Yeah, armchair pundit time again. You might have read, a few days ago, Gibson’s CEO Henry Juszkiewicz gave his opinion on the public’s perception of quality control at his organisation.
Now get mine…
Mistakes happen on any line. It's inevitable. That's why there's an inspection stage at the end of an item's production. If the product is inspected and found to be defective in some way, the quality control process should reject that item and feed back the information to hopefully ensure it doesn't happen again. Quality control feeds back to quality assurance.
When quality control fails to catch problems, a product is shipped that is not up to scratch and which may impact the user's ability to use it as intended. There's a very good argument that quality control is the most important function in any production line—it doesn't matter what mistakes are made as long as they don't leave the factory.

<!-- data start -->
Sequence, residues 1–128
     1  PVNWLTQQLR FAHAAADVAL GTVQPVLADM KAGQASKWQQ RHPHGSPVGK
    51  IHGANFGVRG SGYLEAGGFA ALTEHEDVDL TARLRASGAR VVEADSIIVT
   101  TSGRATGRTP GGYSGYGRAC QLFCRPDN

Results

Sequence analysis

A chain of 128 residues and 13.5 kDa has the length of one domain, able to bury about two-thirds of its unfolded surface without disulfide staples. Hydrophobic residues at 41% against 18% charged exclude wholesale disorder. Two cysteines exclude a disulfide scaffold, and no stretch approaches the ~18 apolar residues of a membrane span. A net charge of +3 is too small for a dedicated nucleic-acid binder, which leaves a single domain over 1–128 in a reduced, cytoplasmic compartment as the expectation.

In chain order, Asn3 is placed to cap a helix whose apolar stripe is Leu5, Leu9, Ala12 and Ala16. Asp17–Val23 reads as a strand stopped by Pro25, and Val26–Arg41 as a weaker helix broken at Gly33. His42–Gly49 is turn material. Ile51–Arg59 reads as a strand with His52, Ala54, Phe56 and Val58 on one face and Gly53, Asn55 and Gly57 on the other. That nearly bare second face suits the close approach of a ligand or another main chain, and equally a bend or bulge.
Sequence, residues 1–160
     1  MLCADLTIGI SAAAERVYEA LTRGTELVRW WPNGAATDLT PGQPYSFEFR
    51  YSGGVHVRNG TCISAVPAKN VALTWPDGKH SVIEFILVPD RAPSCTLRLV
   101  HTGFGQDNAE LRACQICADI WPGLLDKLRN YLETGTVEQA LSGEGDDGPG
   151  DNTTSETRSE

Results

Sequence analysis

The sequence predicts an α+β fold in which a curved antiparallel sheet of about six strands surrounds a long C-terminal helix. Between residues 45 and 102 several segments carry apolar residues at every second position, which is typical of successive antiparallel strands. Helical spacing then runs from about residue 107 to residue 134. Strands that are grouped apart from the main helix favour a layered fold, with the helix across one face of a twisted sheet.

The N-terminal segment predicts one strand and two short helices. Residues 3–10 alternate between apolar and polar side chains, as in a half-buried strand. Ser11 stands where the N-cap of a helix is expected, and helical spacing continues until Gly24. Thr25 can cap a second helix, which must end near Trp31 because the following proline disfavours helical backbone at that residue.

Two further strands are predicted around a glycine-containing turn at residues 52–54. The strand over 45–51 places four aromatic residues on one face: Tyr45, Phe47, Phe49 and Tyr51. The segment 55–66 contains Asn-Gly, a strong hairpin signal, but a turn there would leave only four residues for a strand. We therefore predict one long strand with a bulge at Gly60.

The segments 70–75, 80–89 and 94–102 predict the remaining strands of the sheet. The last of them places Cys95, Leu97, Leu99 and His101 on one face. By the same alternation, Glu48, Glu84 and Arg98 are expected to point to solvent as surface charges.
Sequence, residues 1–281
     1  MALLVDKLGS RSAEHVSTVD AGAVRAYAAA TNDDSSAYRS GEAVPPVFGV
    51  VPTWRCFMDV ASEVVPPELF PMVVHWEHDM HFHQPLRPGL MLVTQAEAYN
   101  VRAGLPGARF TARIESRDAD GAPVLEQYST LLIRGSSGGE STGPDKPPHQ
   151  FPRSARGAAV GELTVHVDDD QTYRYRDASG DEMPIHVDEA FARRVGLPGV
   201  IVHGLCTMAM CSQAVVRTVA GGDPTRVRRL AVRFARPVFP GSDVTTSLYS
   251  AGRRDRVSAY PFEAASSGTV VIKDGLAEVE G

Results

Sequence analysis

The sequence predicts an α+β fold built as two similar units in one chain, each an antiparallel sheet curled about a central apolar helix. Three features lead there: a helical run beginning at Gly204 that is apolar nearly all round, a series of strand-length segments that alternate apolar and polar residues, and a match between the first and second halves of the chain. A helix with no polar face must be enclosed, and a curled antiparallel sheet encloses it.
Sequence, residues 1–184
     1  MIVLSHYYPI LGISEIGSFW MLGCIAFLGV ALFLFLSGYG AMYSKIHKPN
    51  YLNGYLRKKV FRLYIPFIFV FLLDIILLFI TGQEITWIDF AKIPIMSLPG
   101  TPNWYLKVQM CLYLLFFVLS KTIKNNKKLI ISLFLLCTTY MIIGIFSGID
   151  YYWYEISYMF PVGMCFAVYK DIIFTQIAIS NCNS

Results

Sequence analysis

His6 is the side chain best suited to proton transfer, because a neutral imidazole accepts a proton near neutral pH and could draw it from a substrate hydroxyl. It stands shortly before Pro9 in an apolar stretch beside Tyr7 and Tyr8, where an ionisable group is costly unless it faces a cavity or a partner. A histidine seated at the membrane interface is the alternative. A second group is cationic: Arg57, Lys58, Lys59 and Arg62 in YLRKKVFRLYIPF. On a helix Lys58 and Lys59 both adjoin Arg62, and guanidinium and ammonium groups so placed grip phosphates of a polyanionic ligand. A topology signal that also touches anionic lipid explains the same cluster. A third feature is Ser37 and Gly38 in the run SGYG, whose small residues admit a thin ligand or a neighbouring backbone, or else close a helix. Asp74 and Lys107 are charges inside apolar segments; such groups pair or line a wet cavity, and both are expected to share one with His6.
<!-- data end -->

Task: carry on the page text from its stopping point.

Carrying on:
On a completely unrelated topic, the fret-ends of this guitar have been bevelled at too shallow an angle. The end of the bevel is actually past the first string. Playing pretty much anything on this guitar's top E-string causes it to slip off the side of the neck. It's impossible to play well.
I've seen this particular mistake on more than one occasion over the last year or so, though. All new instruments. One repair guy's evidence does not a conclusion make but I suspect a process failure somewhere.
As a bit of good news, I'm informed that the manufacturer of these guitars has taken feedback on board and is concerned about any lapses in quality. Fingers crossed that this will translate to improved axes.